There are certain criteria that must be met in order to file for Chapter 7 bankruptcy. However, to answer your questions:
Yes, you can wipe tax debt if and only if all the following are true:
- The taxes are income taxes. Taxes other than income, such as payroll taxes or fraud penalties, can never be eliminated in
- You did not commit fraud or willful evasion. If you filed a fraudulent tax return or otherwise willfully attempted to evade
paying taxes, such as using a false Social Security number on your
tax return, bankruptcy can't help.
- The debt is at least three years old. To eliminate a tax debt, the tax return must have been originally due at least three years
before you filed for bankruptcy.
- You filed a tax return. You must have filed a tax return for the debt you wish to discharge at least two years before filing for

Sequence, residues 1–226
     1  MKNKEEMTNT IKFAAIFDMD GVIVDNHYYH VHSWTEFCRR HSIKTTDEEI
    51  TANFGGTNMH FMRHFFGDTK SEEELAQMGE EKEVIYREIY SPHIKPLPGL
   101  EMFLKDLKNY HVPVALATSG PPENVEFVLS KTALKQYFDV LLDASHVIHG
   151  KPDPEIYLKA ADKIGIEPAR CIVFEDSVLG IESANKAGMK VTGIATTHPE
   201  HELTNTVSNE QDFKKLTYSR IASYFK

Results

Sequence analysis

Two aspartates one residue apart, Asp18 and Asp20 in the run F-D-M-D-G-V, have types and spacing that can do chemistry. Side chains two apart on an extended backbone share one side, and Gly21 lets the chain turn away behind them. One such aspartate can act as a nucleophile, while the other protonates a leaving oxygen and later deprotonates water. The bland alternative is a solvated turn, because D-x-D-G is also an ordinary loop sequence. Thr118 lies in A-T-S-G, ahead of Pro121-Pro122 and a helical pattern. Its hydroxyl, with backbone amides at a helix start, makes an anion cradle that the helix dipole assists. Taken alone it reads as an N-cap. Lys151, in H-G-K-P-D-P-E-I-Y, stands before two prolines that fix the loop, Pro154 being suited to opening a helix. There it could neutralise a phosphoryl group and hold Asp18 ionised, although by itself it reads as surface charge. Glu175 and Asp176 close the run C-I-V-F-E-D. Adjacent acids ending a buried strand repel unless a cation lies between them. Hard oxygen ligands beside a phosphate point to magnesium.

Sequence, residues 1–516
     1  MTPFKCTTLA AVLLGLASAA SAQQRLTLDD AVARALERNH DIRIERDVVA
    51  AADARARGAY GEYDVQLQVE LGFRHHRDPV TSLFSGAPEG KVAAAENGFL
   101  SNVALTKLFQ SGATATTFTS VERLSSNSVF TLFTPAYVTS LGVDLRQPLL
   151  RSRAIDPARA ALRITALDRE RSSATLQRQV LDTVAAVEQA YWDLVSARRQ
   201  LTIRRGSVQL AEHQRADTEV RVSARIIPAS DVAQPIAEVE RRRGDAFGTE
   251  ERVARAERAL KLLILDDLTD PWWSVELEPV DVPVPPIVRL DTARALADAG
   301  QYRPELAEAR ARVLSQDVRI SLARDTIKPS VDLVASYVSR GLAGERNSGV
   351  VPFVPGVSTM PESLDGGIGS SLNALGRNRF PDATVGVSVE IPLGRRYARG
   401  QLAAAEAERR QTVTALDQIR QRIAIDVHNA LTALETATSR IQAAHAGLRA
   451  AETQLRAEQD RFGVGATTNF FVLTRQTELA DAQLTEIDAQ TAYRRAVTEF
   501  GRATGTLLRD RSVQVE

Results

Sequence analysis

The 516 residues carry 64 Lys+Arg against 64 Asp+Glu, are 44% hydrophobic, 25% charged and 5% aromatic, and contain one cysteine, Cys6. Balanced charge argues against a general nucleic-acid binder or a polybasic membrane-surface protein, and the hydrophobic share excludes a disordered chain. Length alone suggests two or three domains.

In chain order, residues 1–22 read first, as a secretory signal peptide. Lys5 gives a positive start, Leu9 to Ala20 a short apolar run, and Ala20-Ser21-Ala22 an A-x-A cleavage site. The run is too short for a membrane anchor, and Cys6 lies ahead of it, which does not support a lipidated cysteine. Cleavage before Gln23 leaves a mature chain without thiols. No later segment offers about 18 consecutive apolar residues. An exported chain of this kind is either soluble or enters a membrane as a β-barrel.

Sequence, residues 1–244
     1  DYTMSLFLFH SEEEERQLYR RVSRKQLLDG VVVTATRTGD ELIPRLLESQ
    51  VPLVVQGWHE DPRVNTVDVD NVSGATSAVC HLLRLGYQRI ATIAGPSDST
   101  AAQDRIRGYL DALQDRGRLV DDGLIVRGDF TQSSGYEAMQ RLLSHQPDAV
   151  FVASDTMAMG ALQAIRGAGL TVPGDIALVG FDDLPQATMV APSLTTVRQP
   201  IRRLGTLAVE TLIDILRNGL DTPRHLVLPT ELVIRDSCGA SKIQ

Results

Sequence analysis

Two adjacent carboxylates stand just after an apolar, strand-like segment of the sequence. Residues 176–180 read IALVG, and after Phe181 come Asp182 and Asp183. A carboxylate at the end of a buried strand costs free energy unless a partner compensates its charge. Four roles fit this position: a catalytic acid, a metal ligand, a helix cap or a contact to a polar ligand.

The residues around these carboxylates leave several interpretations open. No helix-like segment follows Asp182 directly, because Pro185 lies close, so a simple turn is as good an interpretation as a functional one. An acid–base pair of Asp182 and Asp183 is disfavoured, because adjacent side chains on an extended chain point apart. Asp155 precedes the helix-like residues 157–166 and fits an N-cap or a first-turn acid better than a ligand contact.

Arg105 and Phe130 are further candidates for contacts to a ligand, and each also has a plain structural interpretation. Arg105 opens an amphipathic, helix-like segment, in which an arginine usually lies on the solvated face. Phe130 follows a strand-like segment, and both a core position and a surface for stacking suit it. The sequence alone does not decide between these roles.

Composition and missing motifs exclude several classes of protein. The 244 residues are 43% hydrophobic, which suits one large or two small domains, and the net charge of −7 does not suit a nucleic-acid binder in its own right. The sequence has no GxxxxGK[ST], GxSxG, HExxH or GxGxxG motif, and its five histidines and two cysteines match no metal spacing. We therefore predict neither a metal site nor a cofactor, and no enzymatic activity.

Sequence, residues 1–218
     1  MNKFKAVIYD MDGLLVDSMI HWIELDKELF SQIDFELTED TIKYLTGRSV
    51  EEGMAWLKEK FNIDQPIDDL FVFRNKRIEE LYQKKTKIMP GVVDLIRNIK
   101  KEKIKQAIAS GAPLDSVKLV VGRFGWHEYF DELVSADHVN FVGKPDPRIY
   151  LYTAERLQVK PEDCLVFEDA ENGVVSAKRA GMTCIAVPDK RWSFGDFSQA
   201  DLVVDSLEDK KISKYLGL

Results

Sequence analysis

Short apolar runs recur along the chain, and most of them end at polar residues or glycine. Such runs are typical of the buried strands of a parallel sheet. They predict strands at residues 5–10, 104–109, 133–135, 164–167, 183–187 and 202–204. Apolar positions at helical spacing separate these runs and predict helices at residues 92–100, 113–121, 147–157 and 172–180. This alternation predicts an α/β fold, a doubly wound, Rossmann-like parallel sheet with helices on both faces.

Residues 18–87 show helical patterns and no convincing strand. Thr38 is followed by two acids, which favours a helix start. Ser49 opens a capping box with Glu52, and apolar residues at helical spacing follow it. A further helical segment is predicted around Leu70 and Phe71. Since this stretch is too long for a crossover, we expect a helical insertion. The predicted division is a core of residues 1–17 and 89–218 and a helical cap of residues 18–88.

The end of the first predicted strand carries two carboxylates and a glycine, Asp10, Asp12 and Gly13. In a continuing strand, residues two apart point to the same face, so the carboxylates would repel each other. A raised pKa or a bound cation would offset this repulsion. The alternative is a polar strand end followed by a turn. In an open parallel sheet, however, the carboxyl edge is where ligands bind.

bankruptcy. (In most courts, if you file a late return (meaning your
extensions have expired and the IRS filed a substitute return on your
behalf), you have not filed a "return" and cannot discharge the tax.
In some courts, you can discharge tax debt that is the subject of a
late return as long as you meet the other criteria.)
- You pass the "240-day rule." The income tax debt must have been assessed by the IRS at least 240 days before you file your bankruptcy
petition, or must not have been assessed yet. (This time limit may be
extended if the IRS suspended collection activity because of an offer
in compromise or a previous bankruptcy filing.)
However, this will not wipe out prior recorded tax liens. So it'll stop the IRS from going after your wages, but it won't wipe an existing lien on your property.
As for capital losses:
The amount of discharge debt excluded from income reduces the debtor’s
or estate’s tax attributes in the following order:
- Capital losses and carryovers. This includes any capital loss for the discharge’s tax year and any capital loss carryover under IRC
1212 of the discharge year.
As always, the things you read on the internet are not always true. My best advice is to speak to a bankruptcy lawyer.